Levin Rosemary Hedge
Levin Rosemary Hedge

Foxton-Day 16

We had a good nights sleep and continued on our way in the morning with the sun still shining. I spot a big Dutch windmill as we drive by the village of Foxton and we stop to check it out.

Foxton Windmill- built in 1972
Foxton Windmill- built in 1972

We took the self guided tour through three levels and then went around the outside on the upper deck. This working flour mill  was built in 1970-72 using high quality craftsmanship  and impressive handmade wooden cogs and gears.

Wooden Gears at Foxton
Wooden Gears at Foxton

It also housed a little museum of sorts for a local soda pop, The Foxton Fizz, which has a humorous advertising campaign worth clicking on the link for.

Foxton Fizz as Molotov Cocktail
Foxton Fizz as Molotov Cocktail

We bought a small bag of freshly milled flour, had a piece of carrot cake down in the adjoining shop and then started noticing all the murals.

Foxton Flood Mural
Foxton Flood Mural

P1210772  Some of the Murals were about  earthquakes. Foxton and all of New Zealand, gets earthquakes regularly. I don’t know how we managed not to feel any while we were here.  Click the green link to get the latest on that. Apparently Foxton has experienced  29 quakes (above mag 1.5) in the past year and Christ Church just had a 5.8 magnitude earthquake a few days ago, on February 14. That is a little unnerving.

There is a blog by KiwiDutch with some more good photos of the Foxton Murals and other travels as well.

The Town of Bulls

I had forgotten about this little town called Bulls. They have a big sign as you enter that says “Welcome to Bulls-A Town Like No Udder!”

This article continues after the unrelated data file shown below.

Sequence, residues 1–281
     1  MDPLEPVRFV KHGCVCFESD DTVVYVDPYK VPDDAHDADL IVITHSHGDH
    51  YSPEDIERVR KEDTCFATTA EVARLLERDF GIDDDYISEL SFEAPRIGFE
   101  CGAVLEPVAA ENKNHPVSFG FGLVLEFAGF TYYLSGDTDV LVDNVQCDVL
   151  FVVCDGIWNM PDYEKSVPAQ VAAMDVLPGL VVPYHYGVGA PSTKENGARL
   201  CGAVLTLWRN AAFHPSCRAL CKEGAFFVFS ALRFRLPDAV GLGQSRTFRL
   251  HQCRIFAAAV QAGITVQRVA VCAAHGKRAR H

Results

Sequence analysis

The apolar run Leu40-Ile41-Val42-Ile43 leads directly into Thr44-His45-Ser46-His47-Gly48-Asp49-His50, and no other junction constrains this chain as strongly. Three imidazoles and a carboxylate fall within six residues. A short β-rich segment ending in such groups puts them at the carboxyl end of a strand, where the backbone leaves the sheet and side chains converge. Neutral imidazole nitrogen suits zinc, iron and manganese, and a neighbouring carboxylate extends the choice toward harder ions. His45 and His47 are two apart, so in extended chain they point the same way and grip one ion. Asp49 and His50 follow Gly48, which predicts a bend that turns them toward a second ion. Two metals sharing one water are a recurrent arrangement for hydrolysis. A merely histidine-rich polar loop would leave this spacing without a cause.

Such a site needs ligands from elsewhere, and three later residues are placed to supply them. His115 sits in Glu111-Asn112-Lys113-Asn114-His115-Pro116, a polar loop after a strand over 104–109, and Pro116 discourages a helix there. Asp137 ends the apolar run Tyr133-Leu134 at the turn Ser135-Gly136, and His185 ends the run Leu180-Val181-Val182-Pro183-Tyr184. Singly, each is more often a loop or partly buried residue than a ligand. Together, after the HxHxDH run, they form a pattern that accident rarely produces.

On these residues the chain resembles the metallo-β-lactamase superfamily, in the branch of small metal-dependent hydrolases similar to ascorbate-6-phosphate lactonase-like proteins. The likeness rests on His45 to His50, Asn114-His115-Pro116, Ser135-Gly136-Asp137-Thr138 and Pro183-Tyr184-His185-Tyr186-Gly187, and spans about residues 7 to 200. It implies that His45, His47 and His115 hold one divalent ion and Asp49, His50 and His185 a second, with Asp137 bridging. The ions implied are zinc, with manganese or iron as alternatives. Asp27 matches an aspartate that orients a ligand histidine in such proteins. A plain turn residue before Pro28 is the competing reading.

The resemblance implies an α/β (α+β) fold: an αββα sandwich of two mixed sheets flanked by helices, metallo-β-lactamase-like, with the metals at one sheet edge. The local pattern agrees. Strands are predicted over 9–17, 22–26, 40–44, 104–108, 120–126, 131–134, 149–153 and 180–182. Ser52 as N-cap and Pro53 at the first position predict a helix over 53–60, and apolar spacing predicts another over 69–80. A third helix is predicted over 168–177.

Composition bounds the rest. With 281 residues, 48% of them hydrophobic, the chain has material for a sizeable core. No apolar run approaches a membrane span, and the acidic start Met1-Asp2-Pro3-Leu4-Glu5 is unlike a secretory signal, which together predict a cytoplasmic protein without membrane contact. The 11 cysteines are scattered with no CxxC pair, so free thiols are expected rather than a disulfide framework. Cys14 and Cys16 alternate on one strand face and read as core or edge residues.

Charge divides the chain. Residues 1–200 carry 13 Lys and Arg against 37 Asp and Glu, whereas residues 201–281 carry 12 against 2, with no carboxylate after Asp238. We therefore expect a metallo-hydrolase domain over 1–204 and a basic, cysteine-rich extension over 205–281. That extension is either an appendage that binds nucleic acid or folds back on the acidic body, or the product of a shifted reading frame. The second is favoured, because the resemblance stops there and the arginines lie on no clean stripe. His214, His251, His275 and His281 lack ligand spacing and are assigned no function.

A little Kiwi humor for you.

Volcanics

So, onward towards the volcanics!

Ugly Town, Pretty Mt
Ugly Town, Pretty Mt

 

 

Sorry. I had to include some real world ugly roadside with the gorgeous mountain in the background. There was an I-site here and we made reservations for a hike on the Tongariro Track tomorrow, along with two nights at base camp and a shuttle back and forth from the trailheads. I am not really looking forward to this seriously exhausting  hike but I am trying to be positive about it.

Gorgeous Mountain with No Ugly Added
Gorgeous Mountain with No Ugly Added

 

Jeff got a speeding ticket through here but we didn’t find out about it until after we got home. The road was really straight and the scenery was a bit distracting.

We  made a quick stop at at  a bridge over a crevasse called Tree Trunk (video link) where  really good kayakers manage to run Waikato gorge .  We looked down at it and thought NO WAY, but obviously we are just novices and chickens besides. Oh, well.

Tokeanu Hot Springs

We went on up the road and stopped at our first thermal pools instead.

wild Tokeanu Thermal Pools
wild Tokeanu Thermal Pools

NZ frenzy says you can get into some diverted hot pools here but they look totally uninviting- dirty cement bath tubs with hardly any water in them-that you have to sneak onto private property to get to.

Cement Troughs with Hot Spring Diversion Channel
Cement Troughs with Hot Spring Diversion Channel

So we did the walk path around, checked out all the bubbling mud pots and hot springs, and then went inside the building there and rented a really nice (private, clean, and open to the sky above) hot pool  for 20 minutes. It was heaven and more than 20 minutes would have cooked us to mush. You don’t get pictures of this…

Tongariro Mt
Tongariro Mt

There were two Maori historical sites we visited. One was Opotaka village/ campsite and the other was a battlefield where they first used firearms to kill each other. The island in the lake is a sacred site and the mountain in the background is where we will be hiking up to the volcano tomorrow.

There were some friendly ducks and pretty flowers at the Maori site.

Duck
Duck

 

 

Nice Flower
Nice Flower

 

 

 

 

 

We are staying near Lake Taupo and there are black swans and small lava rocks floating on the edges. Pocket size and not heavy. Steam vents are visible on the hills all around the lake.

Base Camp Cooking
Base Camp Cooking

Tomorrow morning, bright and early, we have to be fed, packed and ready for the shuttle bus. The camp kitchen is packed, so I am cooking on the Coleman stove tonight. Our friendly German neighbors  are  also going on the Tongariro  hike and we all turn in early.

Wendy Lee- Writing at Edgewise Woods Gardens and Crtitters